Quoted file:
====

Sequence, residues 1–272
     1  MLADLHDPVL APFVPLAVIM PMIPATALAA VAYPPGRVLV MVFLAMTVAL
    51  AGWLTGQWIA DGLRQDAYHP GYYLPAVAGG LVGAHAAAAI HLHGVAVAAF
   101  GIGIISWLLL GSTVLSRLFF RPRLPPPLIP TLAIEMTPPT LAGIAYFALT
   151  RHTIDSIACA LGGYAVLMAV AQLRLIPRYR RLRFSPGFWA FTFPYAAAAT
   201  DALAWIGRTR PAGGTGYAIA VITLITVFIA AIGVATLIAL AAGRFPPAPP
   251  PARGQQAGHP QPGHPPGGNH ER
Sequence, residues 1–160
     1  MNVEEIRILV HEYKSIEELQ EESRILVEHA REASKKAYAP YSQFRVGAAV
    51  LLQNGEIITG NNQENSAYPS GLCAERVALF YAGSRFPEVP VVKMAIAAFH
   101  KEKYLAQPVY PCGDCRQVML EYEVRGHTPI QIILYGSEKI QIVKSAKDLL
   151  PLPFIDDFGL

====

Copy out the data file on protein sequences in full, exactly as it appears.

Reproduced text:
Sequence, residues 1–272
     1  MLADLHDPVL APFVPLAVIM PMIPATALAA VAYPPGRVLV MVFLAMTVAL
    51  AGWLTGQWIA DGLRQDAYHP GYYLPAVAGG LVGAHAAAAI HLHGVAVAAF
   101  GIGIISWLLL GSTVLSRLFF RPRLPPPLIP TLAIEMTPPT LAGIAYFALT
   151  RHTIDSIACA LGGYAVLMAV AQLRLIPRYR RLRFSPGFWA FTFPYAAAAT
   201  DALAWIGRTR PAGGTGYAIA VITLITVFIA AIGVATLIAL AAGRFPPAPP
   251  PARGQQAGHP QPGHPPGGNH ER
Sequence, residues 1–160
     1  MNVEEIRILV HEYKSIEELQ EESRILVEHA REASKKAYAP YSQFRVGAAV
    51  LLQNGEIITG NNQENSAYPS GLCAERVALF YAGSRFPEVP VVKMAIAAFH
   101  KEKYLAQPVY PCGDCRQVML EYEVRGHTPI QIILYGSEKI QIVKSAKDLL
   151  PLPFIDDFGL